Resilience is the ability to bear up against and bounce back quickly from tough or difficult situations.
Babies, children and teens are generally more resilient than their parents realize.
And although recovery from substance use/misuse hinges on the ability to stay:
Younger, more resilient, more impatient substance users/misusers innately tend to be poorly focused and motivated regarding recovery treatment programs because many:
- Don’t believe they have a problem
- Believe some their peers are much worse regarding drug use/misuse
- Believe if it gets worse they’ll stop
- Believe recovery is for losers
Of course, denial and minimization exists at any age and unfortunately the older they are often the deeper their denial can be, while their trend towards greater experience and resilience still has difficulty plowing through related attention deficit, the key prerequisite to motivation and unification with recovery.
Regardless, not enough attention is being given to guest resilience during the intake process according to Rudzinsky and associates.
Substance use/misuse “remains preoccupied with describing and analyzing the risks of people who use drugs, however more recently there has been a drive to use a strengths-based or resilience approach as an alternative to investigating drug use” (Rudzinsky).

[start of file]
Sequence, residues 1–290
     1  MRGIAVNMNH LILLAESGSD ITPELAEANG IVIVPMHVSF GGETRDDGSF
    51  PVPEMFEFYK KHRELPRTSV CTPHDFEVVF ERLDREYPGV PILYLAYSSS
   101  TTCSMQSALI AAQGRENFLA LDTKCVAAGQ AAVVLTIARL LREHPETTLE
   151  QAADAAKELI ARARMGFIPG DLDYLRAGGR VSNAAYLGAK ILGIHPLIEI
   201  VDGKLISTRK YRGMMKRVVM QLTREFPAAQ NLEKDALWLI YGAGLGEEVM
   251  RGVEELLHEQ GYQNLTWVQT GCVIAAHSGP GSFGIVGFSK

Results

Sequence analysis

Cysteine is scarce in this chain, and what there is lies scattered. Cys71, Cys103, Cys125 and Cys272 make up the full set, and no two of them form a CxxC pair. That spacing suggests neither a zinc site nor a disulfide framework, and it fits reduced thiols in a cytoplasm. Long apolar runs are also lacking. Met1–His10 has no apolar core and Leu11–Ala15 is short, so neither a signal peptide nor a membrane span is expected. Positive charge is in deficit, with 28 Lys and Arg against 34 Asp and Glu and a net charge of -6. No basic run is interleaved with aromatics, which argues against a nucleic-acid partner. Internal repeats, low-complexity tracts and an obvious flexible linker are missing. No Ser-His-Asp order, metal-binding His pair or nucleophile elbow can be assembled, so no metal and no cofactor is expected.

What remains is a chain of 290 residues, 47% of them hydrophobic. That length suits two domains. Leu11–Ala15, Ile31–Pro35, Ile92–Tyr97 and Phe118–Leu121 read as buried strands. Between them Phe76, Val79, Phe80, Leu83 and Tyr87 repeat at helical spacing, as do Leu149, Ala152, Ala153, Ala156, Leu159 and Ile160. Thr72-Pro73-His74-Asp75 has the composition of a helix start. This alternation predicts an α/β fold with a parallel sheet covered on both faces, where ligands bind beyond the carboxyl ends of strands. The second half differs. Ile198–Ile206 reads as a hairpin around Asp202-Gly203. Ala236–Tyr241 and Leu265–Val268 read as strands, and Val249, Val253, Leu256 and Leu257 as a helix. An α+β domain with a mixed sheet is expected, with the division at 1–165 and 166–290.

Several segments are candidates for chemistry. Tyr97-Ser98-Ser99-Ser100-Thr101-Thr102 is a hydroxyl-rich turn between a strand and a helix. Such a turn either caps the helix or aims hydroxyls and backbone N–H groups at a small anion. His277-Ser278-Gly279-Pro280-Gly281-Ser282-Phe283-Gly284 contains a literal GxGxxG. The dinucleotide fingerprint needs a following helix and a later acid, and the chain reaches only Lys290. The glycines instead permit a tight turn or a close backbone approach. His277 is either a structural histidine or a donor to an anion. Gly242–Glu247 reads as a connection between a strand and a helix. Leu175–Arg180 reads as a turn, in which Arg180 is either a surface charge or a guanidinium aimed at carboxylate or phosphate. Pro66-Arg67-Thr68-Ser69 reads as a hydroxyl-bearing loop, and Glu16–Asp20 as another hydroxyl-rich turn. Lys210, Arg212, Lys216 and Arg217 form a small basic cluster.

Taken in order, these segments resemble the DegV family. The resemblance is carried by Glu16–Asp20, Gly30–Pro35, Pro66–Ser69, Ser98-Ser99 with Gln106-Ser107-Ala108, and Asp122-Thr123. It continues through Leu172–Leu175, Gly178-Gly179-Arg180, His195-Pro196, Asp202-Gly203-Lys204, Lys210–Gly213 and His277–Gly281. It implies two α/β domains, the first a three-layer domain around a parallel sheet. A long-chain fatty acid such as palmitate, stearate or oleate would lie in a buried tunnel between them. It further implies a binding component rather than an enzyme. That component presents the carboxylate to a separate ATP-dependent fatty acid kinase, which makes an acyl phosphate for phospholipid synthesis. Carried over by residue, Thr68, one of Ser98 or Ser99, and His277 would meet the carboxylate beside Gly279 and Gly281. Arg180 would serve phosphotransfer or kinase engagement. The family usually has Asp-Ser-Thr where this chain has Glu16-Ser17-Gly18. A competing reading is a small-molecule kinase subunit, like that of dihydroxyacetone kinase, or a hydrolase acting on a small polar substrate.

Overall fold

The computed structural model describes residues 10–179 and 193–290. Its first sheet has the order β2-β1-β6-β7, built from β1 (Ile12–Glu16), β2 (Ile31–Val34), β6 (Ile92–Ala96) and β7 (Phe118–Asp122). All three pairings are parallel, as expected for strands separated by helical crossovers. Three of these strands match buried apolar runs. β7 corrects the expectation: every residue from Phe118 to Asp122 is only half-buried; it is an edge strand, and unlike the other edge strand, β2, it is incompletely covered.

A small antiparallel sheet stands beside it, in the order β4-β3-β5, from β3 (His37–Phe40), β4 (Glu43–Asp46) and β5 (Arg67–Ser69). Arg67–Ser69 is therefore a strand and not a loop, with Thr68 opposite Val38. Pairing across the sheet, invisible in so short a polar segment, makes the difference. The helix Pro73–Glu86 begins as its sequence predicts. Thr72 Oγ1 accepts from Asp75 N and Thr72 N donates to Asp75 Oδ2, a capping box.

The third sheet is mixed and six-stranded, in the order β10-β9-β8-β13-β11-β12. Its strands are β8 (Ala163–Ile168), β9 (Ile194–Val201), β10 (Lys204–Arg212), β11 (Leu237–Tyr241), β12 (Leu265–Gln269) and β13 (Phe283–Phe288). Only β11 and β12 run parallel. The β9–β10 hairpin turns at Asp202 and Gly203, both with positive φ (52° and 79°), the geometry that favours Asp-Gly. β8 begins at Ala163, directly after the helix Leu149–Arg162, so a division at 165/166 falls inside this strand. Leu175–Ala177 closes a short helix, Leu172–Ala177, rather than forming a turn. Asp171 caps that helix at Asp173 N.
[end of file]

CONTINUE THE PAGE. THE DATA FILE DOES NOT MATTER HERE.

Rudzinsky and associates scoped out the literature surrounding resilience as it related to substance use/misuse treatment and found:
- “The majority of studies focus on youth and their resistance to, or engagement in, substance use”
- There is little “research that examines recovery from substance [use/misuse] as a form of resilience”
- Very few reported “thoroughly investigated resilience among” among people with substance use/misuse
- Most studies presented substance use/misuse “as a ‘risk factor’ jeopardizing one’s ability to be resilient”
- Many studies also saw substance use/misuse “as a ‘maladaptive coping strategy’, purporting one’s lack of resilience”
Present day substance use/misuse research provides a large amount of data about the internal strengths that can help in fighting off future drug use/misuse and staying in recovery.
But there is less information regarding the resources that play a role in facilitating recovery engagement, especially for adults.
Outcome-based notions of resilience in recovery are bland and do not expose the promising potential for developing resilience over time or as recovery unfolds.
The researchers concluded “overall, current conceptualizations of resilience are too narrow to recognize all the potential manifestations of resilience practices in the daily lives of individuals who actively use drugs” (Rudzinski). Meaning resilience assessment is an important part of a comprehensive substance use/misuse assessment, and most treatment facilities are blind to this valuable tool.
If you or a loved one wants to learn more about our substance use programs, please reach out to us today. Our admissions team is available 24/7 at (877)-RECOVERY to answer your questions.
Rudzinski K, McDonough P, Gartner R, Strike C. Is there room for resilience? A scoping review and critique of substance use literature and its utilization of the concept of resilience. Substance Abuse Treatment Prevention Policy. 2017 Sep 15;12(1):41.